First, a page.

On a recent Saturday morning, two dozen volunteers gathered at the Stony Brook MBTA station in Jamaica Plain to knock on doors for Boston City Councilor Kendra Lara.
They chanted her name and clapped as Lara called them together. She wanted to prepare them for the tough questions they might get from voters in the run-up to the city's preliminary election Tuesday.
"It is easy to support someone when they are in good standing," she told them. "It's much, much harder to really show grace and to show up at a moment like this."
Lara and fellow progressive Councilor Ricardo Arroyo are each battling to keep their seats after ethical lapses and months of negative headlines. Lara is facing criminal charges following a car crash where police said she was driving an unregistered car without a license and struck a house earlier this summer. Arroyo has been ensnared in a series of scandals, from decades-old allegations of sexual assault to accusations of election meddling.
Both councilors must advance in Tuesday's preliminary election to compete in November.
"It is easy to support someone when they are in good standing ... It's much, much harder to really show grace and to show up at a moment like this."Kendra Lara
On the campaign trail that Saturday, Lara told her volunteers to address the car crash first thing in conversations with voters.
She contested certain aspects of the police narrative, such as the charge the car wasn't insured and that she was driving double the speed limit on a residential street. But Lara expressed remorse over driving with her 7-year-old son Zaire not properly secured in a booster seat.
"There was a mistake that was made, and we want to make sure that our constituents know that I am not trying to minimize the situation," she said.
Lara was eager to talk about her policy record — like her involvement in increasing the city’s inclusionary development policy, so developers set aside more affordable units in new buildings, and her support for decarbonizing city buildings. But she didn't shrink from conversations about the car accident as she approached voters.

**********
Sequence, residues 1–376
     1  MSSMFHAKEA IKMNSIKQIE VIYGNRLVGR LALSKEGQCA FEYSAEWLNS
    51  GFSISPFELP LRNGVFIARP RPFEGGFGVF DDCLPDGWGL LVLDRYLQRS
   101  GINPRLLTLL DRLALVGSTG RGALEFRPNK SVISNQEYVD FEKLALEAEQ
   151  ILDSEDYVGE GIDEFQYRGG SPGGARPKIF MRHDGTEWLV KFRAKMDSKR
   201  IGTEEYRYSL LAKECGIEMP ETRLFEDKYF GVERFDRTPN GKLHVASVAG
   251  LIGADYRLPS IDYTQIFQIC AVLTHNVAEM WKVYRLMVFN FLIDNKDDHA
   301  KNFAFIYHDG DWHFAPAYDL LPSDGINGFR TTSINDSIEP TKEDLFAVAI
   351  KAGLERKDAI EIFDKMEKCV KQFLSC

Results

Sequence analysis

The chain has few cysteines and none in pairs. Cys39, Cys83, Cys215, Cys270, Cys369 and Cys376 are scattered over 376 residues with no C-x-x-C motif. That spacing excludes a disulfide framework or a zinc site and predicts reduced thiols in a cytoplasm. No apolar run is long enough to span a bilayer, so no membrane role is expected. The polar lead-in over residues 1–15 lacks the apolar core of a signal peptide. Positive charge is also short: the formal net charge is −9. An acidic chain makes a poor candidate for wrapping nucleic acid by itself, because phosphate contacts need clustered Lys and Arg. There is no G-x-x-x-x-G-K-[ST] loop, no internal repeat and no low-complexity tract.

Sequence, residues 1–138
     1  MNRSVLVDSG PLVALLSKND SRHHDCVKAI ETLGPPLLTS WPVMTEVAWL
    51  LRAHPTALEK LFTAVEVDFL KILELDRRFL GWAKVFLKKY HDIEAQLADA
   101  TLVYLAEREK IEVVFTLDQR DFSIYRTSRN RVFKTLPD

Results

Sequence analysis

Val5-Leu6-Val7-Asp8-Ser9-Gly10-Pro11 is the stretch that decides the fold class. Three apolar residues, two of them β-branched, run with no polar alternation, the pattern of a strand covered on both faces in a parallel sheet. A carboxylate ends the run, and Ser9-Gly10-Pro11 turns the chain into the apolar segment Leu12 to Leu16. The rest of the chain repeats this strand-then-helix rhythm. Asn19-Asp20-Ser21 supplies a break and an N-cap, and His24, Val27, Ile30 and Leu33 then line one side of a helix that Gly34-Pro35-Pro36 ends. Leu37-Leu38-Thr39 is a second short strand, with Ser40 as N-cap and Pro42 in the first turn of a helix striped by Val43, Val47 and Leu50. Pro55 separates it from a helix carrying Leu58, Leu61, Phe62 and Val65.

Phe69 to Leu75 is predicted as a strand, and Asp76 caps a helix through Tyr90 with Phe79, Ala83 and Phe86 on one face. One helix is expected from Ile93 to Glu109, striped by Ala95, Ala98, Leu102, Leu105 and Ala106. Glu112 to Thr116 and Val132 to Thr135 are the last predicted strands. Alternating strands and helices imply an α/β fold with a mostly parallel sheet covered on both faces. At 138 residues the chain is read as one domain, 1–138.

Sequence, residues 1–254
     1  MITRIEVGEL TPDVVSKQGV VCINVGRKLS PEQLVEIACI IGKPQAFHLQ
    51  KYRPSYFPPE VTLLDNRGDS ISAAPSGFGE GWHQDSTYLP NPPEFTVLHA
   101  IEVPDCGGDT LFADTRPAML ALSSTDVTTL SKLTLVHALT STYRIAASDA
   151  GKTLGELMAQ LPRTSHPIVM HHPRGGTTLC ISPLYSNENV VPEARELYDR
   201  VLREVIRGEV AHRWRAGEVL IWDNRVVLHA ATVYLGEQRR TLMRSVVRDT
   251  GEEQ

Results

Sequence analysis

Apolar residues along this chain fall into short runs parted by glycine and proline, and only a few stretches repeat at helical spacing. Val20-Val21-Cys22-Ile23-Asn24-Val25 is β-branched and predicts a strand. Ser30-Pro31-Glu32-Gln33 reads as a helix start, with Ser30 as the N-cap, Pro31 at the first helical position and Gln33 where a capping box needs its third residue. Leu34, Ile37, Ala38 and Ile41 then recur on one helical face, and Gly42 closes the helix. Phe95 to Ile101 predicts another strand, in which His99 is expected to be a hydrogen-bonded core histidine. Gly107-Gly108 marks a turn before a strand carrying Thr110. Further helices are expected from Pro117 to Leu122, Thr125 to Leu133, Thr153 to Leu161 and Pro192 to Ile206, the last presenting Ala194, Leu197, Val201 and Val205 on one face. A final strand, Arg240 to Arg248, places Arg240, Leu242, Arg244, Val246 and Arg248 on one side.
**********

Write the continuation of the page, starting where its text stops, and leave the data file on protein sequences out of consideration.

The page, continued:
A resident named Woody answered the door of his apartment on Green Street. He immediately asked her about the crash.
"I swerved to avoid hitting a car coming toward me, and I lost control of the car," she said. "So the accident was, you know, an accident."
Woody thanked her for stopping by. He didn’t commit to voting for her. But Lara said she felt good about the interaction.
"I feel like I answered his questions," she said, towing Zaire in a stroller towards the next house. "I think he’s going to pass on that question to the people who live in his house, to his neighbors, and hopefully it has some sort of impact."
In an interview, Lara said her son needing stitches for a gash over his eyebrow was the worst part of the crash.
"For me, that is obviously — that is the biggest misstep in all of this," she said. "As a mother, nothing comes before my son."
Lara’s frank discussion of the accident seemed to be reassuring to some supporters.
"I wanted the story, and I know enough not to take the first set of stories at face value," said Rachel Poliner of the group Progressive West Roxbury/Roslindale. She said she called Lara after the accident and got answers to all her questions.
Last week, Lara produced an independent report she commissioned showing she'd been driving only 27 miles per hour before the crash. The accident reconstruction company, The Crash Lab, reportedly analyzed data from the car's black box. WBUR has not reviewed the report, and has requested a copy of the document from Lara and her attorney, who said it should be available Monday or Tuesday.